Lean management set to improve S.Africa's service delivery nightmares - CNBC Africa

Lean management set to improve S.Africa's service delivery nightmares

Southern Africa

by Trust Matsilele 0

South Africans have recently used votes to express dissatisfaction on service delivery. PHOTO: Theconversation

According to the Norman Faull, a University of Cape Town academic and advisor to the presidency, the task of addressing service delivery was enormous but there were some encouraging signs.

(READ MORE: S.Africa works towards better public service delivery)

“What is encouraging is that the steering committee is being set up within the presidency. This committee to be called 'operations support' has commenced recruiting the initial cadre of facilities,” said Faull also founder of Lean Institute Africa told CNBC Africa.

“I am really encouraged by the people I am working with, the quality of thinking they brought into this and their experience of improving things working through processes.”

Faull stressed that the challenges of service delivery in South Africa were enormous noting that there were tens of thousands of service delivery points in the country.  

“Lean management is about delivering value to customers and understanding the processes that are used in the delivery process consequently improving the value proposition,” said Faull.  

The Lean management process also regarded as a production practice that considers the expenditure of resources for any goal other than the creation of value for the end customer to be wasteful.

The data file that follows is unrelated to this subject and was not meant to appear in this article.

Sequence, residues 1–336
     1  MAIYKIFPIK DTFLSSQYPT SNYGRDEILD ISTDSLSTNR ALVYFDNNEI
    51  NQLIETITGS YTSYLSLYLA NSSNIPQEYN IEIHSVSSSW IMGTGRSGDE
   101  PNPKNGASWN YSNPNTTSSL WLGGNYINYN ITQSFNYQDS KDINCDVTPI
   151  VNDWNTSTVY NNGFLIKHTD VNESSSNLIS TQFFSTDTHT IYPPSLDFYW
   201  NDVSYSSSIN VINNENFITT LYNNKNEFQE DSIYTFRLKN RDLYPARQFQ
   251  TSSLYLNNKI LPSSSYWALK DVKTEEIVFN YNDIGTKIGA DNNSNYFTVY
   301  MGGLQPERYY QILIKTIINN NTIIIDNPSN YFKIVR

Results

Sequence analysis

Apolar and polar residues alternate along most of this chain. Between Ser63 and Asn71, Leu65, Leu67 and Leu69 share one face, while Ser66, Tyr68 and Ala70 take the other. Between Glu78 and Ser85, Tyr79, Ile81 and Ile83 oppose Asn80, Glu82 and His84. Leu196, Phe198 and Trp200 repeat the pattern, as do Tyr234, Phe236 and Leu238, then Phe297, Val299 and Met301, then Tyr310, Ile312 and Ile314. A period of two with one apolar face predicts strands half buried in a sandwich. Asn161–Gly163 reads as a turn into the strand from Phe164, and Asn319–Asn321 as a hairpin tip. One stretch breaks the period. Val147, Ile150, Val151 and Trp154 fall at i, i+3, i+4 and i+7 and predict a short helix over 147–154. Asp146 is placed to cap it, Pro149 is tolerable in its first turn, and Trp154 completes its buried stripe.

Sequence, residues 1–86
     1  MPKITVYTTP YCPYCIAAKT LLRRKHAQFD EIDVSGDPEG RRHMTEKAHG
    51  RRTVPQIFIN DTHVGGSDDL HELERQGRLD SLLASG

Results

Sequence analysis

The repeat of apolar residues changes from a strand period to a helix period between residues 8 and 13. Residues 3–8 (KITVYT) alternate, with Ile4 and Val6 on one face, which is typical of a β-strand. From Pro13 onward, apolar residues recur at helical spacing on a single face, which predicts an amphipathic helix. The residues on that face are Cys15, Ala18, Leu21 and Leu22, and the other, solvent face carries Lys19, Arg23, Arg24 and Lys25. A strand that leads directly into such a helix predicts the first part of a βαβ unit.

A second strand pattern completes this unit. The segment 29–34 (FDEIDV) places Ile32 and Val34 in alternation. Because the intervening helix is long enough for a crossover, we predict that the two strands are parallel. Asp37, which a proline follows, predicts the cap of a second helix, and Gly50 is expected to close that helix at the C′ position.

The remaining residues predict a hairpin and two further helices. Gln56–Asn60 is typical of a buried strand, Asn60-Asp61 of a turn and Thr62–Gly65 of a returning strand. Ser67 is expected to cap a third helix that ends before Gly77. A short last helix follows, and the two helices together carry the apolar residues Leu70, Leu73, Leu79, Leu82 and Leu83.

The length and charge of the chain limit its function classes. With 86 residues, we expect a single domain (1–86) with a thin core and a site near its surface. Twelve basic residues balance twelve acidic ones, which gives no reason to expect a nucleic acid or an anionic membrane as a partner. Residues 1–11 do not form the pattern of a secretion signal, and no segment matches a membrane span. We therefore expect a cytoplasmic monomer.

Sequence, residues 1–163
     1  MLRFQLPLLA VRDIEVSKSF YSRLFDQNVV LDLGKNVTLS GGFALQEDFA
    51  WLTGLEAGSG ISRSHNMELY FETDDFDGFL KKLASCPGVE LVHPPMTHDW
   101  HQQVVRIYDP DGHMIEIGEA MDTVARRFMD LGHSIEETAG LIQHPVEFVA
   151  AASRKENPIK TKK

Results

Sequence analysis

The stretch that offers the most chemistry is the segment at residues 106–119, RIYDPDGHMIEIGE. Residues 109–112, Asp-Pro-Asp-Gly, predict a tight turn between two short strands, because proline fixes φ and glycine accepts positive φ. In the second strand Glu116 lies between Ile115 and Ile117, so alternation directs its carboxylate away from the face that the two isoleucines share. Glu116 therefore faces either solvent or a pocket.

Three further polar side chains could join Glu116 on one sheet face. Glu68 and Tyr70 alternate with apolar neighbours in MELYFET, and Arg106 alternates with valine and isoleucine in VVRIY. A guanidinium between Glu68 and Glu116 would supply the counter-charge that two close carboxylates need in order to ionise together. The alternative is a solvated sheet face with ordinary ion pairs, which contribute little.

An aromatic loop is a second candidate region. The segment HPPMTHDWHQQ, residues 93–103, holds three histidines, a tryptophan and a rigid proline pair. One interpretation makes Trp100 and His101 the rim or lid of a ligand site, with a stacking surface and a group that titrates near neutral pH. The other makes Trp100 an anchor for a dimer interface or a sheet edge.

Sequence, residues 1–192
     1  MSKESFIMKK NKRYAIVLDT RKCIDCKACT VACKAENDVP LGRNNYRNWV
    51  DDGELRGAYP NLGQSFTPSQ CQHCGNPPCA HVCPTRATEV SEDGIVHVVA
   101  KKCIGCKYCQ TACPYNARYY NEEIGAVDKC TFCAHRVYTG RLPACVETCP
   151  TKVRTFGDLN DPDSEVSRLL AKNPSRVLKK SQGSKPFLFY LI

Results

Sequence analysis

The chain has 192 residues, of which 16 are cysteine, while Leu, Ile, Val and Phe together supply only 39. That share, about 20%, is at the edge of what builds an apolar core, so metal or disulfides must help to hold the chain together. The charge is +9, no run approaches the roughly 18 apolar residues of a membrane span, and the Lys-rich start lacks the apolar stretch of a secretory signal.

This processn also targets elimination of unnecessary expenditure.

Faull studied the Toyota production system (TPS) and initially replicated it in the manufacturing and mining sectors.

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The TPS organises manufacturing and logistics for the automobile manufacturer, including interaction with suppliers and customers.

“I became aware about 15 years ago that the TPS was being applied in healthcare so 11 years ago I began trying it in the public sector environments service delivery issues in this country,” he said.

“We have had experience with the big hospital in Gauteng where in one week we reduced waiting time for outpatients to two hours down from five hours,” added Faull.

Faull noted that the plan was designed to give impact in the short term and able to be scaled up across the system and be sustainable by recruiting facilities.

Commenting of the size of samples conducted, he said the approach was to implement the process cumulatively.

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